This morning I was chairing a session at the International Peace Institute with Michelle Bachelet and others on human rights and norms from across the international community and of the absolute necessity for frameworks and standards.  We often get derided in the UN system and across the multilateral community for talking about this “stuff”, SDGs 1 through 17, Agenda 2030, human rights law and the rest, but, you know something? In the absence of these normative standards values and goals, we just drift and drift in a very bad direction. And so we know that against these standards and these goals that we have set, there is pushback, but to quote one of the ministers this morning, in fact, the Norwegian foreign minister, she said “It’s time to push back against the push back.” Our job is to deliver momentum against those who seek to diminish global human rights standards, global development standards, and global development aspirations.

We should have courage in our convictions. However, that’s not going to deliver us the outcome for SDG 6. Four point two billion people with no access to safely managed sanitation. That’s a big task, what sub-national governments do, as has just been reflected from the government in Nigeria is of fundamental importance.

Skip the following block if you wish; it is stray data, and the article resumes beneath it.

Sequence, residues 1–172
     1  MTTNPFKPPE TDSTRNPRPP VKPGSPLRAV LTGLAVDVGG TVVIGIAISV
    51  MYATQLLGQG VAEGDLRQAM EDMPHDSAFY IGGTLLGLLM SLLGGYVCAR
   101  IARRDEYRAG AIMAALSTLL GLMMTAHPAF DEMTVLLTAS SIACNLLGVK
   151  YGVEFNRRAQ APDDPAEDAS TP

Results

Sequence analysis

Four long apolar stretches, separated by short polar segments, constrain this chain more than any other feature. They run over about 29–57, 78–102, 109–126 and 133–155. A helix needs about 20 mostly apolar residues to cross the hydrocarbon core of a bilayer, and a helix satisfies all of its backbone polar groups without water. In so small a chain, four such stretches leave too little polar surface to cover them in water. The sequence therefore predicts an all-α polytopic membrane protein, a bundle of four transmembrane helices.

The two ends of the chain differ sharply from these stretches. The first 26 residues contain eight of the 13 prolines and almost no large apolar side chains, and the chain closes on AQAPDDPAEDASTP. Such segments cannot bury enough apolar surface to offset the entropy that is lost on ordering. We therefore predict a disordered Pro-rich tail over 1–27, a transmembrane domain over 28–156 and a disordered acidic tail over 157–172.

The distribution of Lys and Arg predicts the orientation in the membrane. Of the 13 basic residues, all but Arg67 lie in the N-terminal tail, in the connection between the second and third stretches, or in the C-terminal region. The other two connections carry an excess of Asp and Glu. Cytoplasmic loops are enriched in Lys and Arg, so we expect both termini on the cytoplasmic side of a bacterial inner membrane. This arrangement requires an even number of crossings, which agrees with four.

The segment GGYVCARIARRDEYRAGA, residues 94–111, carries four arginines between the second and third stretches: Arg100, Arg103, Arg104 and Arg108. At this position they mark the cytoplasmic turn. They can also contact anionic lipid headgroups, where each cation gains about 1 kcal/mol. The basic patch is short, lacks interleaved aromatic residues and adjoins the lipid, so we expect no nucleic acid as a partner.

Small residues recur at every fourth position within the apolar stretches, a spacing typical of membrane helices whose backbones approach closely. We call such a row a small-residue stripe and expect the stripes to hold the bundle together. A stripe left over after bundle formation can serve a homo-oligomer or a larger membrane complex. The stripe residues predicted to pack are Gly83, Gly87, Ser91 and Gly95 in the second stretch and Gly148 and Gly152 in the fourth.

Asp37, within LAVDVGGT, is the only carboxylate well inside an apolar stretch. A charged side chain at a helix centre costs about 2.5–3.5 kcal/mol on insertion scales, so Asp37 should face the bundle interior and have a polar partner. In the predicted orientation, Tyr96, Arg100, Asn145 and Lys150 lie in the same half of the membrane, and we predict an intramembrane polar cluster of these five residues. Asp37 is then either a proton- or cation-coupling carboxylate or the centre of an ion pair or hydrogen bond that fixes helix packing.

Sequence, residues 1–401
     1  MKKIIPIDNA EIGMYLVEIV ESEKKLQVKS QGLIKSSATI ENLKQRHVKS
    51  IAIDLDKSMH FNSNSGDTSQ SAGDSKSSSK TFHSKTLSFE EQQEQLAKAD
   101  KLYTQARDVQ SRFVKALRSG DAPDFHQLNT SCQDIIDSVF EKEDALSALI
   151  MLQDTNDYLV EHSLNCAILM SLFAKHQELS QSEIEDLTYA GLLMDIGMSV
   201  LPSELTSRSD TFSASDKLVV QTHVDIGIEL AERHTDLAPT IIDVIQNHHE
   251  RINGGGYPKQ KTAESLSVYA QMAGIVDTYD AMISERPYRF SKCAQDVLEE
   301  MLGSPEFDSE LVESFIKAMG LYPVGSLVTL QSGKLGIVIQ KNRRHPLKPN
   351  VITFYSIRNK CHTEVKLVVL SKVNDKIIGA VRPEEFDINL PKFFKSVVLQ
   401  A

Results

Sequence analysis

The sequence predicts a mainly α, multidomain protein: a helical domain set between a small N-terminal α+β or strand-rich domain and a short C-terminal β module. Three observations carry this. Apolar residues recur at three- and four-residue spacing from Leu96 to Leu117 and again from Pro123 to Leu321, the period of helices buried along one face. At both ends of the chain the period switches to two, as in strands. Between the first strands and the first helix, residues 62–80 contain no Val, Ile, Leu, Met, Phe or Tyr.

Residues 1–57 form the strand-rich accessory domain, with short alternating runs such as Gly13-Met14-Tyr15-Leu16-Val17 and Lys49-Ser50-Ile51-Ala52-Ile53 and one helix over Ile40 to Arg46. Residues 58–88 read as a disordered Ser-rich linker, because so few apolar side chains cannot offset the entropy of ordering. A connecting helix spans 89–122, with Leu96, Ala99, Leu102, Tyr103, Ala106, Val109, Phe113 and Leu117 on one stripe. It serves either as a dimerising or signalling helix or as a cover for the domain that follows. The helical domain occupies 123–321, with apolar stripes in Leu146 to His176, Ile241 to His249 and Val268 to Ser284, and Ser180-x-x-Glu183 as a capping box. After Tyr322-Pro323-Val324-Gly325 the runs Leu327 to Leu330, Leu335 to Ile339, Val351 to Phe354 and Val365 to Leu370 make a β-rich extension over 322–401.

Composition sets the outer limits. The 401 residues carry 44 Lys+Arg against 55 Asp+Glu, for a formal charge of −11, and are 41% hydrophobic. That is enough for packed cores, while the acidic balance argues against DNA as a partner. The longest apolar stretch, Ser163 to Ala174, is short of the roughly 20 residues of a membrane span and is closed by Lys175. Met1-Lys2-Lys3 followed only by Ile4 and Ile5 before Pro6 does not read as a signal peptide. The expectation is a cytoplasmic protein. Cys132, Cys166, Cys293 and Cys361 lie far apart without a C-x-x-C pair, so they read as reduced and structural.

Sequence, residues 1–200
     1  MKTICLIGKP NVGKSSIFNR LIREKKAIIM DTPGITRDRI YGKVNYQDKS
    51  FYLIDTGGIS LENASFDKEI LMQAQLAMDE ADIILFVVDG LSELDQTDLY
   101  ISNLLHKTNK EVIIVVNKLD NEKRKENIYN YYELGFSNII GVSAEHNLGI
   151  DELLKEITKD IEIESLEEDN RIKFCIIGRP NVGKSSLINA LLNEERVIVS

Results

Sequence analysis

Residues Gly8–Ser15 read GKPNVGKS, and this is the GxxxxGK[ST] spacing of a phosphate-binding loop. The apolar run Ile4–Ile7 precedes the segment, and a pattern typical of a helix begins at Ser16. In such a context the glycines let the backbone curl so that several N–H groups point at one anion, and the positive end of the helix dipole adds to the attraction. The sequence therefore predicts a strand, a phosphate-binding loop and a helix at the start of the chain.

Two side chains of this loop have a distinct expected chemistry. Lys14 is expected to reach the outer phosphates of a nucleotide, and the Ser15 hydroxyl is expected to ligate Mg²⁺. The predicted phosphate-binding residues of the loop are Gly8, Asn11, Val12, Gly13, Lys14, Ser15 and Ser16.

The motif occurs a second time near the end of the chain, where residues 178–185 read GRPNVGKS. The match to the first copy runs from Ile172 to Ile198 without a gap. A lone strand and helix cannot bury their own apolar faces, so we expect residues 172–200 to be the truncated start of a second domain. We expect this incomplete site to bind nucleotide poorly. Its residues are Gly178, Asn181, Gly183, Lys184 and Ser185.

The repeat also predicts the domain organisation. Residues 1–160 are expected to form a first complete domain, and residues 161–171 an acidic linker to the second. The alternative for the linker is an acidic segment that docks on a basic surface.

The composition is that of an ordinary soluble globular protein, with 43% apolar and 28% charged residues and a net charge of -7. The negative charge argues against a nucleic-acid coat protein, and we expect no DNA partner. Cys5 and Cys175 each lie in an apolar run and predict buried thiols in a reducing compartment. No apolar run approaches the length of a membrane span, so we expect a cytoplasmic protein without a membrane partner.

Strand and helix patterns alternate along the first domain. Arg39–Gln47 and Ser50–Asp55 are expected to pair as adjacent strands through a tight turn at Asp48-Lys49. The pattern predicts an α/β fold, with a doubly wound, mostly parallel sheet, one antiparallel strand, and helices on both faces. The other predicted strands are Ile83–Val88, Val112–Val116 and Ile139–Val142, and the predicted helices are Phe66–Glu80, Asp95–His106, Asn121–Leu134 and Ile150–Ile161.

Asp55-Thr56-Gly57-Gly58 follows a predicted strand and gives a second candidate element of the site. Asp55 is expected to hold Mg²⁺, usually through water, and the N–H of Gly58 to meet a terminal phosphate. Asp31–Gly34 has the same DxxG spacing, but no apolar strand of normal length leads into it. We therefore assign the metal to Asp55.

So I asked myself, what is the most useful value added that an organization like ours, which is Sanitation and Water For All, can add to what is already being done by, by national governments, by sub-national governments and others? And to those in the private sector, in the technology space who are coming up with new things all the time about how we can better do this?

So my response to that, a bit like Gary’s in different ways, the answer to the future lies in three words: finance, finance, finance. I wish I could be more romantic about it. It’s money, money, and money. Because other than that, we’ll have terrific normative standards, but frankly, they’ll wave in the breeze like a dead letter come 2030 if we don’t actually mobilize cash to get this stuff done. So go to the next level down, where do we get the cash?

Forget global ODA, as someone said, it’s just not going to work. Look at the funding deficit, as calculated for what we need to do with SDG 6 alone, an additional global allocation of $120 billion a year to be on target for SDG 6 by 2030. Total global ODA at present stands at about a $136 billion. Total global ODA. If I was to go to the subcomponent dedicated to WASH, let alone the sub-subcomponent dedicated to sanitation, we’re down to micro-numbers.